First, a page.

Ron Prosor 311.
(photo credit: Ariel Jerozolimski)
After more than six months of internal squabbling, Prime Minister Binyamin
Netanyahu and Foreign Minister Avigdor Lieberman have agreed to dispatch
seasoned diplomat Ron Prosor as ambassador to the United Nations.
what, realistically, can any Israeli ambassador hope to achieve there? This is a
body in which more than 118 members identify with the farcically labeled
“nonaligned” bloc: an interlocking directorate that includes 57 countries
belonging to the Organization of the Islamic Conference, 22 members of the Arab
League, and five countries (Bolivia, Cuba, Nicaragua, Venezuela and North Korea)
that have no diplomatic relations with Israel. As if this weren’t bad enough,
the European Union nowadays rarely takes any initiative to support the country’s
right to self-defense, and even Washington has been known to express its pique
by occasionally throwing Jerusalem to the jackals.
The first UN
ambassador, Abba Eban (1949- 1959), who served concurrently as ambassador to
Washington, essentially disregarded his immediate audience to address his
“language and emotion to the wider world beyond.” His successor Michael Comay
became one of the country’s leading representatives to American Jewry. In the
lead-up to the Six Day War, Gideon Rafael transmitted diplomatic messages from
American decision-makers that the cabinet interpreted as providing a green light
for a preemptive attack.
Not much, however, could be done inside the UN
itself. In rebutting Yasser Arafat’s gun-toting November 1974 speech to the
General Assembly, Yosef Tekoa directed himself mainly to Israel’s friends
outside. Similarly, Chaim Herzog, in literally tearing apart the November 1975
resolution defining Zionism as “a form of racism,” was likewise speaking to the
civilized world beyond.
To the renowned jurist Yehuda Blum, who served
from 1978 to 1984, the UN had become an arena that actively “fanned the flames
of Arab-Israel conflict.” His successor Binyamin Netanyahu alternated between
fighting off attempts to deny the country’s credentials at the General Assembly
and deploying his considerable polemical talents in the American
The subsequent tenures of Yohanan Bein, Yoram Aridor and Gad
Ya’acobi were marked by the growing tilt of the world body toward the PLO.
Although the “Zionism is racism” resolution was rescinded under US pressure in
the early 1990s, Aridor could do nothing about the Security Council’s
condemnation of Israel for deporting 12 Palestinian terrorists to Lebanon during
the first intifada. Even at the height of the Oslo era, Ya’acobi was unable to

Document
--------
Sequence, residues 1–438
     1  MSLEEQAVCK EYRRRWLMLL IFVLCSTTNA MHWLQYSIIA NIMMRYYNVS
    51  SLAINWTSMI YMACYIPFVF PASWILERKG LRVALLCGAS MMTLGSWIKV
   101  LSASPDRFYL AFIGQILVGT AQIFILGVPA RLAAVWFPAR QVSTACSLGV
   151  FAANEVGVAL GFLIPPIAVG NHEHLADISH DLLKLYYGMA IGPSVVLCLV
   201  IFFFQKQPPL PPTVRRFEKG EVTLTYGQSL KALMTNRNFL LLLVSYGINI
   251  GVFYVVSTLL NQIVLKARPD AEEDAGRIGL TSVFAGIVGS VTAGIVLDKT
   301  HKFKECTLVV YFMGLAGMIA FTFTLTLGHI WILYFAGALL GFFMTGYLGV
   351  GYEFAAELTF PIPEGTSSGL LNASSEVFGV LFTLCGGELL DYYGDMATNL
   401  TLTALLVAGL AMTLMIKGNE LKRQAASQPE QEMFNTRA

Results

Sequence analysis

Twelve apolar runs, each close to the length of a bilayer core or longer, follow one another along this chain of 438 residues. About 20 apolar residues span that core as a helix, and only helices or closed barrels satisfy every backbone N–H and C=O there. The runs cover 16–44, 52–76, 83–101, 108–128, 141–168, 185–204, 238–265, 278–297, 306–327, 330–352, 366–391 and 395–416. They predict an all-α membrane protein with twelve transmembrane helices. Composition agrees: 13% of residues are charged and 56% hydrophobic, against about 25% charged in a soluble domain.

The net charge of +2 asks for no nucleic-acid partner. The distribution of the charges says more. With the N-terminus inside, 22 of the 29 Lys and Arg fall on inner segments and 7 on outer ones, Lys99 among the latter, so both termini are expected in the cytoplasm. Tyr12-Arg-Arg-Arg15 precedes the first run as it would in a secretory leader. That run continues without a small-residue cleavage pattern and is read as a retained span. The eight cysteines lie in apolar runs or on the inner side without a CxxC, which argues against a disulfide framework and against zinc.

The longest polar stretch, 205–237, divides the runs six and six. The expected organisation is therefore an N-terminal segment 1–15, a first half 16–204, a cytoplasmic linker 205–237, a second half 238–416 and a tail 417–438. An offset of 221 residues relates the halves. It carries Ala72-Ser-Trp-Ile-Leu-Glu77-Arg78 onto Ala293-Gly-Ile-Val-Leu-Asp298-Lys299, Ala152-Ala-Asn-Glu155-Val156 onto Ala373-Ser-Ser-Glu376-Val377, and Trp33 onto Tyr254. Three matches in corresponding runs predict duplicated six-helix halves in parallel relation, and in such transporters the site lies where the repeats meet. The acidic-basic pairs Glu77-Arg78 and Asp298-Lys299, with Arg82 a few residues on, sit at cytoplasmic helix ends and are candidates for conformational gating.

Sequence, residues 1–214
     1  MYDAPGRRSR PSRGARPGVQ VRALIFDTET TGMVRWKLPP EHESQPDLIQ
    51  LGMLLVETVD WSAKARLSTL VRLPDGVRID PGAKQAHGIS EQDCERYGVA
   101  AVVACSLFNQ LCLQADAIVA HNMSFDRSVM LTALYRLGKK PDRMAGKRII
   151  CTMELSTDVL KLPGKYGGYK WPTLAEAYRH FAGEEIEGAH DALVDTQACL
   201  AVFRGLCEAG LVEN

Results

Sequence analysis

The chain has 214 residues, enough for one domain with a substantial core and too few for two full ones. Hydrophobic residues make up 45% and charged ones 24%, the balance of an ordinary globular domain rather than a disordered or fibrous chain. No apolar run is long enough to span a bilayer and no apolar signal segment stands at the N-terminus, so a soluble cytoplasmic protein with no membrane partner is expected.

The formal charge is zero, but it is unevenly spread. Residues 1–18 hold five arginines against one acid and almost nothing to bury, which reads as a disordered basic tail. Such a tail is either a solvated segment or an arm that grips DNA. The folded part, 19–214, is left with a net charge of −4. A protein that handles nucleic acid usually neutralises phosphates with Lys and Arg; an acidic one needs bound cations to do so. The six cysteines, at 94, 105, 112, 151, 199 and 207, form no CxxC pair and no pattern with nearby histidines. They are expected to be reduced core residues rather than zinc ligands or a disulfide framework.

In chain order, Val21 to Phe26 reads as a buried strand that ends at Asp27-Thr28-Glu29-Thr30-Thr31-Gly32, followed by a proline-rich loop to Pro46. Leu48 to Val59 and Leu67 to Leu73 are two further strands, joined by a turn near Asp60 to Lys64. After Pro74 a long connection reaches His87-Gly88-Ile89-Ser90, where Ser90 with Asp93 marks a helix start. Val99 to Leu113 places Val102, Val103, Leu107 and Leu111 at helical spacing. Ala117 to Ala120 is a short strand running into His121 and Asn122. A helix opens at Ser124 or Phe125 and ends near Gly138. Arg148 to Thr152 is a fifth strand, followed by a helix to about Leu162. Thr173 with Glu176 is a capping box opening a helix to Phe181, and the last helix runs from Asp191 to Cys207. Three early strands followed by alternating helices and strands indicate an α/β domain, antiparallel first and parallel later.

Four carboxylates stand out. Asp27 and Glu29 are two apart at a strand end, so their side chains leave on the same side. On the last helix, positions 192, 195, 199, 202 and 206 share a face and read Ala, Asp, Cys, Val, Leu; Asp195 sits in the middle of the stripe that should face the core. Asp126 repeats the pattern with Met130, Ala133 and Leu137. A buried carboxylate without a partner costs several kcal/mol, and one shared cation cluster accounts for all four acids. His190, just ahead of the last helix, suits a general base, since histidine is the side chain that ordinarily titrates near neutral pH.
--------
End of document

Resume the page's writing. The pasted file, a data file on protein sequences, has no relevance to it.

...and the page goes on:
dissuade the US from joining in yet another sweeping Security Council
condemnation – this, in the wake of Baruch Goldstein’s massacre of Arab
worshipers in Hebron.
By the time Dore Gold – an effective public
diplomat and the first American-born Israeli appointed to the post – arrived in
the late 1990s, the template was as if set in concrete.
Assembly vote of 131 to 3, blasting housing construction in Jerusalem, was
followed, under Gold’s successor Yehuda Lancry, by shameless condemnations of
“excessive use of force” during the barbaric Palestinian violence of the second
WHICH BRINGS us closer to the present. Dan Gillerman, arguably
the most thriving of recent ambassadors, succeeded in promoting the first
Israel-sponsored resolutions ever adopted by the UN, and in impelling secretary-
general Kofi Annan to speak out against the UN’s ad nauseam attacks. But the
attacks continued, as witness the powerlessness of Gabriela Shalev against the
campaign – led by Judge Richard Goldstone – to eviscerate Israel’s right to
defend its civilian population along the Gaza border.
Plainly, the labors
of ambassadors have taken on a Sisyphean character. If the country nevertheless
persists in trying, it is only because the UN is still where the dysfunctional
family of nations, such as it is, comes together to make consequential
collective decisions. In any event, Prosor’s main role will again be to
represent the country beyond the UN’s corridors – most prominently to the global
media and the US Jewish community.
This is a task he will partly share
with Ambassador to the US Michael Oren.
True, their role has not been
made easier by the evident inability of officialdom to speak with one voice.
Should an ambassador take Netanyahu’s own public statements as his marching
orders, or the contradictory line articulated by Lieberman at his 2010 UN
address? Further complicating matters is the cacophony of voices on the
Internet, each claiming to know what’s best for the country.
advantage in both public and private settings is that he is a compelling figure
with superior communications skills and diplomatic heft. Much else depends on
the two men who have belatedly sent him to the UN, the sometimes incongruent
policies of which have their own effect on the country’s image in the media and
its public support, especially in the US. That support, in the end, counts
infinitely more than any vote taken in Turtle Bay.The writer is a former
Jerusalem Post editorial page editor, and is now contributing editor to Jewish
Ideas Daily (www.jewishideasdaily.com), where this article was first published
and is reprinted with permission.